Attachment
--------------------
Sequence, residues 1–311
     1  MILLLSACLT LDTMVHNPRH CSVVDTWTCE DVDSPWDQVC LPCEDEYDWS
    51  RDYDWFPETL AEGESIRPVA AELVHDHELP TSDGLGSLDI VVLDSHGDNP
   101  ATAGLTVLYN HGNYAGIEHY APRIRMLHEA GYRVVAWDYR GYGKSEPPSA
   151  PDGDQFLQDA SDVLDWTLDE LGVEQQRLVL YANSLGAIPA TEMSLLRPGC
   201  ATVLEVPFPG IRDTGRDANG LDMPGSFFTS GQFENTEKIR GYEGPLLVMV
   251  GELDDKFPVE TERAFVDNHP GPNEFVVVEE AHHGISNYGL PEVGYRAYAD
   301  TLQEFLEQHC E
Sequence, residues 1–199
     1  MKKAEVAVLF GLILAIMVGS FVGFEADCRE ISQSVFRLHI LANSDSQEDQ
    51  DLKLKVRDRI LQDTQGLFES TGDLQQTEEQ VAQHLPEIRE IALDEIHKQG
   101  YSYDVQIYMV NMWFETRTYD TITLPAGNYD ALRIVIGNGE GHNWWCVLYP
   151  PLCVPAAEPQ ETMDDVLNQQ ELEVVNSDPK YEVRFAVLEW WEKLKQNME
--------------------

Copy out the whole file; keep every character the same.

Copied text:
Sequence, residues 1–311
     1  MILLLSACLT LDTMVHNPRH CSVVDTWTCE DVDSPWDQVC LPCEDEYDWS
    51  RDYDWFPETL AEGESIRPVA AELVHDHELP TSDGLGSLDI VVLDSHGDNP
   101  ATAGLTVLYN HGNYAGIEHY APRIRMLHEA GYRVVAWDYR GYGKSEPPSA
   151  PDGDQFLQDA SDVLDWTLDE LGVEQQRLVL YANSLGAIPA TEMSLLRPGC
   201  ATVLEVPFPG IRDTGRDANG LDMPGSFFTS GQFENTEKIR GYEGPLLVMV
   251  GELDDKFPVE TERAFVDNHP GPNEFVVVEE AHHGISNYGL PEVGYRAYAD
   301  TLQEFLEQHC E
Sequence, residues 1–199
     1  MKKAEVAVLF GLILAIMVGS FVGFEADCRE ISQSVFRLHI LANSDSQEDQ
    51  DLKLKVRDRI LQDTQGLFES TGDLQQTEEQ VAQHLPEIRE IALDEIHKQG
   101  YSYDVQIYMV NMWFETRTYD TITLPAGNYD ALRIVIGNGE GHNWWCVLYP
   151  PLCVPAAEPQ ETMDDVLNQQ ELEVVNSDPK YEVRFAVLEW WEKLKQNME